Jamie Foxx is all bark, but this vampire action comedy is no bite.
“Day Shift” is a made-for-Netflix vampire action comedy that’s trying to cash in on the success of “Zombieland,” which knew how to survive a zombie apocalypse. This movie wants to do something with LA, vampires, and even such a fresh and versatile lead like Jamie Foxx, but it should have done something more with it. It’s more of a gimmick to channel on many other action comedies of its kind. There’s the tough black guy and the cowardly white nerd, a custody battle, and the evil Mexican woman.
Foxx is the vampire hunter Bud Jablonski, who poses as a pool guy for the sake of his ex-wife Jocelyn (Meagan Good) and daughter Paige (Zion Broadnax). He’s only given the day shift, because of his recent track record of reckless behaviors, but he’s very good at killing them in the day time, even if they act like they’re possessed by the girl in “The Exorcist” with how they twist and bend themselves.
Foxx knows how to have the right attitude for serious and comic appeal, as demonstrated in “Horrible Bosses” and “Baby Driver,” but he’s saddled with a story that requires him to be accompanied by a neurotic pacifist named Seth (Dave Franco). His running gag has his peeing himself, every time he’s caught during a vampire attack, and Bud often has to be mean to him. This is the tough black guy and cowardly white nerd story that gets really old and exhausting, and kind of racist.
The evil Mexican woman is Audrey San Fernando (Karla Souza), who poses as a real estate agent, but is actually a criminal mastermind, who wants revenge on Bud. She always has to smile like an evil woman, and act like an evil woman. There’s no truth in this woman, compared to the Katie del Castillo villain in “Bad Boys for Life.”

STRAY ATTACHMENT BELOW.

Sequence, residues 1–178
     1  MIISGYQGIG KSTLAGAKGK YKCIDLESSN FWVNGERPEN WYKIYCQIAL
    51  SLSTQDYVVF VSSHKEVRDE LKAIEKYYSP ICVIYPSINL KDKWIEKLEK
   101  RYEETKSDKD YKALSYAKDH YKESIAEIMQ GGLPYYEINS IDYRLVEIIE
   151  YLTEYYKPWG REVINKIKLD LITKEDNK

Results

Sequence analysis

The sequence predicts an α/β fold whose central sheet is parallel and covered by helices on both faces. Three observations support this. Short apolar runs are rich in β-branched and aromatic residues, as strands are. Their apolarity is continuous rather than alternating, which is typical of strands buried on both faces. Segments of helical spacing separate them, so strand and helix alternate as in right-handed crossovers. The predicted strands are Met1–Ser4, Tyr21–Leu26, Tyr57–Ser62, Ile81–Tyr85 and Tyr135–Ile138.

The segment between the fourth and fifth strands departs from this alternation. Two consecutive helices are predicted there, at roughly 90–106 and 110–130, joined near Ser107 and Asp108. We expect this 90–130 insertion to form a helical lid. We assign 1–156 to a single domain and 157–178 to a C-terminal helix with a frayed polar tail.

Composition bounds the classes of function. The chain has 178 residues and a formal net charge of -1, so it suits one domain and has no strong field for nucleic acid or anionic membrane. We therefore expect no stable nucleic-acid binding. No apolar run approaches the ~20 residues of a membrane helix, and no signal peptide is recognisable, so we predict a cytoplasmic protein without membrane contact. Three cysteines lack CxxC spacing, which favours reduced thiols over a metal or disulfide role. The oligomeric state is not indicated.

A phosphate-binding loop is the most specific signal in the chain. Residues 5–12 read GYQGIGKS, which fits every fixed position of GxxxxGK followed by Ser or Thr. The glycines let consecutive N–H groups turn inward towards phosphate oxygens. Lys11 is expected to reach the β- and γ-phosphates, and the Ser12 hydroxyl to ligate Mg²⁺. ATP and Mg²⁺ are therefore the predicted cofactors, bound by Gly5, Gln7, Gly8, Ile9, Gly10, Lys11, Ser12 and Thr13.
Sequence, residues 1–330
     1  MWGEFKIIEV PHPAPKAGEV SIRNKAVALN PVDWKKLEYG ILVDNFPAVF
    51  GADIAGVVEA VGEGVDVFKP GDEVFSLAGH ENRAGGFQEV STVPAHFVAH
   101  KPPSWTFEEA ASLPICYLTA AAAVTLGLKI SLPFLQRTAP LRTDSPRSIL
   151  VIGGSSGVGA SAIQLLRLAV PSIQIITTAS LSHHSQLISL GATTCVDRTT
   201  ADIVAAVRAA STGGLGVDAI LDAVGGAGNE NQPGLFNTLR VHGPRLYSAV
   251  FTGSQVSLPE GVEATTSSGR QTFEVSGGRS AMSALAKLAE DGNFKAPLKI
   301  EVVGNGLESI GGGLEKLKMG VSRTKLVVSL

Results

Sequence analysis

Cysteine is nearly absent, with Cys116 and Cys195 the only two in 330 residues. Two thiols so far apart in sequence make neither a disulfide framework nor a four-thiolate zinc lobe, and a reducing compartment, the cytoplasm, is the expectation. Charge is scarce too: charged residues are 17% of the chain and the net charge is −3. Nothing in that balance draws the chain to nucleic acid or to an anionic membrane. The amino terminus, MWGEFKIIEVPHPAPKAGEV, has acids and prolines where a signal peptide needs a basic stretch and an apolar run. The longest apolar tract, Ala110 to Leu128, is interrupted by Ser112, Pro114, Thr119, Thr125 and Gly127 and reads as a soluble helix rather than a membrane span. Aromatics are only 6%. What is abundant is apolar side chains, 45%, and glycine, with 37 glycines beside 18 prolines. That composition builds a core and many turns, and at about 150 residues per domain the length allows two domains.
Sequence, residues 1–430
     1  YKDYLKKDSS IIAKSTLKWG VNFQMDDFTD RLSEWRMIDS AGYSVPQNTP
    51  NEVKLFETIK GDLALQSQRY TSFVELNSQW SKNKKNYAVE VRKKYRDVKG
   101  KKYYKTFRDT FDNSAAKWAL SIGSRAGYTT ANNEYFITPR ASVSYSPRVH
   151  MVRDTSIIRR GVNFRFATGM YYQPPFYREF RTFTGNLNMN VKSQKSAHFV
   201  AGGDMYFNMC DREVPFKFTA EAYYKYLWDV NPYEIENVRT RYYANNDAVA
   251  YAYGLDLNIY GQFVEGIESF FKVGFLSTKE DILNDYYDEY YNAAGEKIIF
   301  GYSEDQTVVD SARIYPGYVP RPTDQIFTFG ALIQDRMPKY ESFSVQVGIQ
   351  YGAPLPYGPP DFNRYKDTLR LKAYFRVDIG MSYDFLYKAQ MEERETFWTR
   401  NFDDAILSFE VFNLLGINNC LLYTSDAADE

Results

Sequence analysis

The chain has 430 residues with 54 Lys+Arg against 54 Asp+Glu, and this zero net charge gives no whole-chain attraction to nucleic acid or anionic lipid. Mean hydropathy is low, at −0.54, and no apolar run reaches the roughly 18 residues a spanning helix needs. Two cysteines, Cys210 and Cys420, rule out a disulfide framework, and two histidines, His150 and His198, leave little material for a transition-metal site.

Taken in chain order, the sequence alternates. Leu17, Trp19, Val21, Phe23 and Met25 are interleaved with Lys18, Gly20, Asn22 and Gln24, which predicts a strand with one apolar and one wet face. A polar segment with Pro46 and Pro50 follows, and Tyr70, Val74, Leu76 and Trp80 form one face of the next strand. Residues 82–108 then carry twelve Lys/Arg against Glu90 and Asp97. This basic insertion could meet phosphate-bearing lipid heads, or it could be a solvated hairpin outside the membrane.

The only vampires I find interesting is how they can put sunscreen on that lasts for 15-20 minutes, while Bud’s new neighbor named Heather (Natasha Liu Bordizzo) can light her finger on fire to light her cigarette. And BTW, I knew she was a vampire, since they meet outside in the dark, and whenever there’s a new young woman, there’s bound to be trouble. But at least, she’s on his side.
Then, we get Snoop Dogg as bud’s mentor Big John Elliott. In retrospect, he should have been the sidekick, instead of Franco, because of how he keeps his cool. But then again, he’s Snoop Dogg, so he knows how to be cool.
I met Franco, and I always knew he was a fine talent with a consistency and tone, but he’s wasted in “Day Shift,” because of the wimpy and dimwitted jokes that insults him. He’s better than succumbing to this. Foxx is the one who knows how to entertain us. He seems to be enjoying himself killing the vampires in LA, while trying to keep his vulnerabilities in check. But he would have been better in another movie with another screenplay.
The movie is the directorial debut of J.J. Perry, who is a stunt man and coordinator from such films as “John Wick,” “Django Unchained,” and “Blade.” He’s able to make himself an action film that wants to fight bloody and uses the right leading man. But if he wants to take on directing, he needs the right script, the right versatility, and the right attitude. “Day Shift” has potential, but it’s a missed opportunity, because of the formulas.
Streaming on Netflix